As part of its sustainability plan, the General Services Administration plans to install advanced energy meters in all of its data centers by year end and reduce greenhouse gas emissions 30 percent by 2020.
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The General Services Administration (GSA) will leverage virtualization and data-center consolidation as part of its plan to reduce its greenhouse gas emissions (GHG) by 30 percent by 2020. Via an executive order, the Obama administration has required all federal agencies to release sustainability performance plans for reducing GHG emissions. The White House goal for reducing emissions is 28 percent.
The agency is currently collecting data on all of its data-center operations and is working with the Office of Management and Budget to develop a consolidation plan, which should be in place by December. The plan will include targets and standards for using the cloud to host applications where applicable; targets for reducing the number of agency data centers; targets and standards for maximizing data center efficiency, including increasing average CPU utilization rates; and goals and actions for reducing technology energy consumption. The GSA currently has three standalone data centers and seven that are commercially managed, it said.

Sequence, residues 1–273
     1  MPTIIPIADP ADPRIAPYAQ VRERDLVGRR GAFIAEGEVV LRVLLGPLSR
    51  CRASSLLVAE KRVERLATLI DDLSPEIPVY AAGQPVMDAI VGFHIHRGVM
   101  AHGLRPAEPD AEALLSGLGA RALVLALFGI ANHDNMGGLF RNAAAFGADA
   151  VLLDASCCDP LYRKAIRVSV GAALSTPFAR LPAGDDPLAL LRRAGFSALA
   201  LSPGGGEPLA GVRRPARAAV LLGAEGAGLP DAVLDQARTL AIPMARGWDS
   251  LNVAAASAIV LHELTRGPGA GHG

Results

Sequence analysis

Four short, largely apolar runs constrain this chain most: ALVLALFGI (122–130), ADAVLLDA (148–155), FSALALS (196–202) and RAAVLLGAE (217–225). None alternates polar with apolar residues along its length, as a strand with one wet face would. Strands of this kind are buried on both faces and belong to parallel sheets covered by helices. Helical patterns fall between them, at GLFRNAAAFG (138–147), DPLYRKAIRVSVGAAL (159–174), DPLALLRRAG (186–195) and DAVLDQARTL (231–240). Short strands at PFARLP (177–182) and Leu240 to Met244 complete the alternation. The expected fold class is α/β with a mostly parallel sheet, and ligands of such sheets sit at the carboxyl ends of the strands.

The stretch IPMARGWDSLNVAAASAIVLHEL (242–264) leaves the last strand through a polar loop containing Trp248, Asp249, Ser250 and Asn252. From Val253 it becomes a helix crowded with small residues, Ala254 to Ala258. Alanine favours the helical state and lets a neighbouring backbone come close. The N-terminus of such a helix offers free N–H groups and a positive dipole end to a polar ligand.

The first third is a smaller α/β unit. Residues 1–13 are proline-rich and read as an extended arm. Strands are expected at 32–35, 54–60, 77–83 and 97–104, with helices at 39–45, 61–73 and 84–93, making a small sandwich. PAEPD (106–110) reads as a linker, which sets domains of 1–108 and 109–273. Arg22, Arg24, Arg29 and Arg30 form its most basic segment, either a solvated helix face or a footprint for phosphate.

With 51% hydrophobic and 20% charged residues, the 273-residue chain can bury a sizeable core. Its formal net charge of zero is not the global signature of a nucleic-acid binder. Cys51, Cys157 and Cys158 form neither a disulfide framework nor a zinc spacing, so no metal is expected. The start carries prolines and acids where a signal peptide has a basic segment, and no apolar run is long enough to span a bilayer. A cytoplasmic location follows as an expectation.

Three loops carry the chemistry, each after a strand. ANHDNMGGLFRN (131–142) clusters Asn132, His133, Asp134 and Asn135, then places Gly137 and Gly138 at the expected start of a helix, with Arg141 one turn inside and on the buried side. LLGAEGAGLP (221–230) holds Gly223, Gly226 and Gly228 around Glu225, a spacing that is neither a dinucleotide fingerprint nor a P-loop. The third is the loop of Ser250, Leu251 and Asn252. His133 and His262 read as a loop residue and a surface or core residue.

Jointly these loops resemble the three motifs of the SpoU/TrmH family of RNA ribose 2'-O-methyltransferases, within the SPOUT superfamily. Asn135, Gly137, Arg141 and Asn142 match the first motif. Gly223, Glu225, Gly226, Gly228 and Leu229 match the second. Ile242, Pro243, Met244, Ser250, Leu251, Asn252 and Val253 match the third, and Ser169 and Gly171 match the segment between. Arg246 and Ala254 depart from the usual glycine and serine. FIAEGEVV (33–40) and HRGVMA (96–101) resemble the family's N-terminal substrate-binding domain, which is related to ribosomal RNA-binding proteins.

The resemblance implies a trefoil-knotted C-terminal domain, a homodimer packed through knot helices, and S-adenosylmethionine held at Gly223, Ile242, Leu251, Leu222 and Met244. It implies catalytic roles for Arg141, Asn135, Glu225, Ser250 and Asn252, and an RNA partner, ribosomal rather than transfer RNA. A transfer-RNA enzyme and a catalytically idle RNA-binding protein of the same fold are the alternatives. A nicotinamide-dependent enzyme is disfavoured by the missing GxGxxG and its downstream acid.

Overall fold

In addition to consolidation and virtualization, the agency will practice better energy management across all of its computer hardware -- including desktops, laptops and servers -- as part of its sustainability plan.
The agency said it is purchasing new, more powerful servers that it will virtualize, and also will consolidate printers by increasing its use of digital document management.
The GSA also plans to install advanced energy meters in all of its data centers by Dec. 31 and in FY2011 will begin monitoring all data centers on an interval basis for operational control and a weekly basis for management review, according to the plan. Moreover, by 2013 the agency will achieve a Power Utilization Efficiency rating of 1.8 at all data centers.
The GSA noted some challenges to its sustainability plan, but said it will address them. Currently, most of the GSA's servers don't support power management, but the agency's roadmap for its IT infrastructure includes a five-year strategy to replace some of its old servers with Energy Star servers.
Energy Star is a joint program of the Environmental Protection Agency (EPA) and the Department of Energy that establishes minimum standards for energy-efficient consumer products. The agency's laptops, desktops and monitors already are 100 percent compliant with Energy Star specifications and power-management settings, it said. The GSA also must improve its power-management policies for printers and print servers, and is exploring options to increase sustainable practices in this area, it said.